Digital gauge clusters are going 3D

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Digital instrument clusters are quickly becoming the norm in new cars, but the march of technology never stops.

Automotive supplier Continental has developed a 3D digital instrument display. An early version of the system was launched in the Genesis G70 in the Korean market in 2018. We’ll see it here in the United States for the first time in the 2021 Genesis GV80 mid-size SUV.

The display uses a driver-facing camera to track line of sight. This allows it to overlay information directly where the driver is looking. For example, it can show a stop sign as a warning on top of the digital gauges and any other graphics already being displayed.

The display does not require special glasses. Instead, it uses parallax barriers, which are slanted slats that divide the image for the viewer. Two different, slightly offset views of the same image are seen by each eye. That information is combined by the brain, which perceives a three-dimensional image.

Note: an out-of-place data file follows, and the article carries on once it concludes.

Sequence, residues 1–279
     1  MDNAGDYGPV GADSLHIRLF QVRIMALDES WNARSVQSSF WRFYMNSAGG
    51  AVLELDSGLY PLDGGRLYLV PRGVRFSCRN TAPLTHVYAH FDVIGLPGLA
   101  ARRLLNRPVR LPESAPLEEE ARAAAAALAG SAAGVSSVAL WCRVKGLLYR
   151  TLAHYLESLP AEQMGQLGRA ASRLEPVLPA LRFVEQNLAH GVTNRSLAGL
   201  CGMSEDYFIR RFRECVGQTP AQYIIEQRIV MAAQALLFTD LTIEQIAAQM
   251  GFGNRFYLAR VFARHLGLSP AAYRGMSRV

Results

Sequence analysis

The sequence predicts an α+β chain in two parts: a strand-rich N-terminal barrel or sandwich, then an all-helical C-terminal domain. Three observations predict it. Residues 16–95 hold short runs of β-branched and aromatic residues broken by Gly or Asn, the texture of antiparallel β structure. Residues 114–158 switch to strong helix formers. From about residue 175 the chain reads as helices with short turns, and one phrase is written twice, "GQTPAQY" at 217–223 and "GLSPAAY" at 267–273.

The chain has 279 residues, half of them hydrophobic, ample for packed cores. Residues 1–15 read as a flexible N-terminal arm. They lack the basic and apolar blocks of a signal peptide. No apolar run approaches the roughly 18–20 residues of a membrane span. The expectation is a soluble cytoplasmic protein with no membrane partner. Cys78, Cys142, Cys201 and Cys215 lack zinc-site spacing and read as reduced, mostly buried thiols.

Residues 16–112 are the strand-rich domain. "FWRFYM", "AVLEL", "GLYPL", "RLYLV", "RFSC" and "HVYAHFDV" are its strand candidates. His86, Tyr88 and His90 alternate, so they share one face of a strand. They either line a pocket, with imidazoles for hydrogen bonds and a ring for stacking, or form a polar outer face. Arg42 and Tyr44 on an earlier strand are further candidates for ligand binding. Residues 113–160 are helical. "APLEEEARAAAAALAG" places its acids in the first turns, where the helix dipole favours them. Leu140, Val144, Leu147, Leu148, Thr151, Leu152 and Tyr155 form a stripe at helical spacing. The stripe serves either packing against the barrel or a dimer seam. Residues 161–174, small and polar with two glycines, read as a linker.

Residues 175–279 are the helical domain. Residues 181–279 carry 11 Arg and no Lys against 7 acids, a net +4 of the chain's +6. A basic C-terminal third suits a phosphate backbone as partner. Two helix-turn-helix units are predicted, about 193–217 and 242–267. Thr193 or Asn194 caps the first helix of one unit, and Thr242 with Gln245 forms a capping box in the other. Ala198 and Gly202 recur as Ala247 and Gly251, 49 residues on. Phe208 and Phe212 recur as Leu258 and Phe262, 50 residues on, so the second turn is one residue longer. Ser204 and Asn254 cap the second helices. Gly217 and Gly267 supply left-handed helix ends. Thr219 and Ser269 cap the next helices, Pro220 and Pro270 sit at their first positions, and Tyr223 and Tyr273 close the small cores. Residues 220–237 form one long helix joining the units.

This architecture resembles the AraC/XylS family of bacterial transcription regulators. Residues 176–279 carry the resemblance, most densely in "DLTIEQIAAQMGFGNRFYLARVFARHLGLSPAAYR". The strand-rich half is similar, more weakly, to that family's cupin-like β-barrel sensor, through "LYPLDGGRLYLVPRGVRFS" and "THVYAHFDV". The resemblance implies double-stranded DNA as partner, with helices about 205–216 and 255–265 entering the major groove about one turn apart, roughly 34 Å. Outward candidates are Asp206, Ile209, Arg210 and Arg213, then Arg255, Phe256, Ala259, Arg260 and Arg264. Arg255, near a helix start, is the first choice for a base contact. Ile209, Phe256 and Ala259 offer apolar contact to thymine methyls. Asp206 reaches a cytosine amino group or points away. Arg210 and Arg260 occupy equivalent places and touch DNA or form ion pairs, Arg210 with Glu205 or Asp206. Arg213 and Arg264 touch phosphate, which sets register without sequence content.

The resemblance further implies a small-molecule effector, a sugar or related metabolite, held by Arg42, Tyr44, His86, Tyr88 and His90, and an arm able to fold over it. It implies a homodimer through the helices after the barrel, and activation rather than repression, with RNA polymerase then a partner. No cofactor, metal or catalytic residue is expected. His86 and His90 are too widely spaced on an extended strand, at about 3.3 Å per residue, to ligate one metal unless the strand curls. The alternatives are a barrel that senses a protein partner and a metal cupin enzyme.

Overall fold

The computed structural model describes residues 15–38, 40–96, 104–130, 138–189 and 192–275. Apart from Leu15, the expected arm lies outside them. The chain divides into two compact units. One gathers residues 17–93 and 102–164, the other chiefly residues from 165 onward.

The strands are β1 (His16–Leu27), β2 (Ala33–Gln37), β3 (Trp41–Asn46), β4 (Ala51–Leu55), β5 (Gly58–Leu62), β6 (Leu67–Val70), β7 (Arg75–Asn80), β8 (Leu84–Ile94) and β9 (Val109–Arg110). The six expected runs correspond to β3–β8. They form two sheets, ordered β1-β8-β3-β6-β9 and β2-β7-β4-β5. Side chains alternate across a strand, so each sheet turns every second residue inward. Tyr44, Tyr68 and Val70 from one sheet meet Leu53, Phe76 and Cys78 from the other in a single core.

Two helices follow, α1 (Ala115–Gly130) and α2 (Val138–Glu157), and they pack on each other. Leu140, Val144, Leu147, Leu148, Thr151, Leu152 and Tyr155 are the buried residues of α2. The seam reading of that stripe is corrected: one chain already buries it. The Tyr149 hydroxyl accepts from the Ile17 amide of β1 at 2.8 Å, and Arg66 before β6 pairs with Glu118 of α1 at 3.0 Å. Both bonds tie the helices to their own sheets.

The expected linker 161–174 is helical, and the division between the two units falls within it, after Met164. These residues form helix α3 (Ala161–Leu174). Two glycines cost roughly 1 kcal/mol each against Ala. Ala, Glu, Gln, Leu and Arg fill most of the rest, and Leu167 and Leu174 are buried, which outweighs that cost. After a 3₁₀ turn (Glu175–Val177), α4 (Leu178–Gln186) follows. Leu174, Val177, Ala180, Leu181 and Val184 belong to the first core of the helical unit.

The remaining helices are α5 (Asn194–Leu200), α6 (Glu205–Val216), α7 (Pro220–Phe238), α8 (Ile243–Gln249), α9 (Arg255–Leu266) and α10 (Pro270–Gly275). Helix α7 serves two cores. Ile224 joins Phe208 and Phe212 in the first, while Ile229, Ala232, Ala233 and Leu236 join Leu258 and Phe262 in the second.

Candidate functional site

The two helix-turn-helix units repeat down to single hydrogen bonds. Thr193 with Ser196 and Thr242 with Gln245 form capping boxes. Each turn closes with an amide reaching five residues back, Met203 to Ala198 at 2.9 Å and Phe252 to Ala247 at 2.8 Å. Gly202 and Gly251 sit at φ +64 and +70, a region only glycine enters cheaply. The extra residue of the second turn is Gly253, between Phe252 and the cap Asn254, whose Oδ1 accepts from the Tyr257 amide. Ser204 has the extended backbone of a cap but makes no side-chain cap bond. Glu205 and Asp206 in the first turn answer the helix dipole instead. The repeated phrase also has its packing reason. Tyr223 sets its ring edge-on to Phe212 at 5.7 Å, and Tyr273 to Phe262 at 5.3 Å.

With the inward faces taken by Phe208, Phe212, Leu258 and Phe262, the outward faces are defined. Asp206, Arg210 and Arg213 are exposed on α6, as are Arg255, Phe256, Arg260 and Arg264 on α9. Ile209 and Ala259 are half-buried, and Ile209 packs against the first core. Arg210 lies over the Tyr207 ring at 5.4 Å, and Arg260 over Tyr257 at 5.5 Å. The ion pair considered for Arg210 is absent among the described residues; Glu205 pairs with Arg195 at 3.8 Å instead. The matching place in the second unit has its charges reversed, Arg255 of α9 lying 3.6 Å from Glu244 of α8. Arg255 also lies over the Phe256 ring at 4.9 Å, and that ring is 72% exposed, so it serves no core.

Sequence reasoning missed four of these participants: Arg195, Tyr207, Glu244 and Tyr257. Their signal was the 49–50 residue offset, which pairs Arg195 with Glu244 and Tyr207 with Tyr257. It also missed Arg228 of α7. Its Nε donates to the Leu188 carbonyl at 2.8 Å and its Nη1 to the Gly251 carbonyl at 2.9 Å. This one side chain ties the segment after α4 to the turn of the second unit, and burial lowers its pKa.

Continental relies as much on the driver-facing camera to make this tech work as the display itself. The camera helps center images in the driver’s line of sight, but also acts as an attention monitor, ensuring drivers don’t get too focused on the 3D image.

The 3D display is designed to work with Continental’s Cross Domain Hub infotainment computer. Continental hopes this computer can take on the work of multiple individual control units, streamlining the electronics of future cars. This could also allow the driver to move content across multiple in-car displays, according to Continental. The company is aiming to, for example, let a driver or passenger swipe a navigation map from one display to another with gesture control.

Continental also hopes to ditch the driver-facing camera for future 3D displays. The company is working with Silicon Valley-based Leia to use the latter’s Diffractive Lightfield Backlighting technology in future displays. this creates a 3D effect by bending light around a panel, according to Continental.

This next-generation display is planned for production in 2022. And it’s not intended just for drivers; Continental said passengers will be able to use it for videoconferencing and watching movies.

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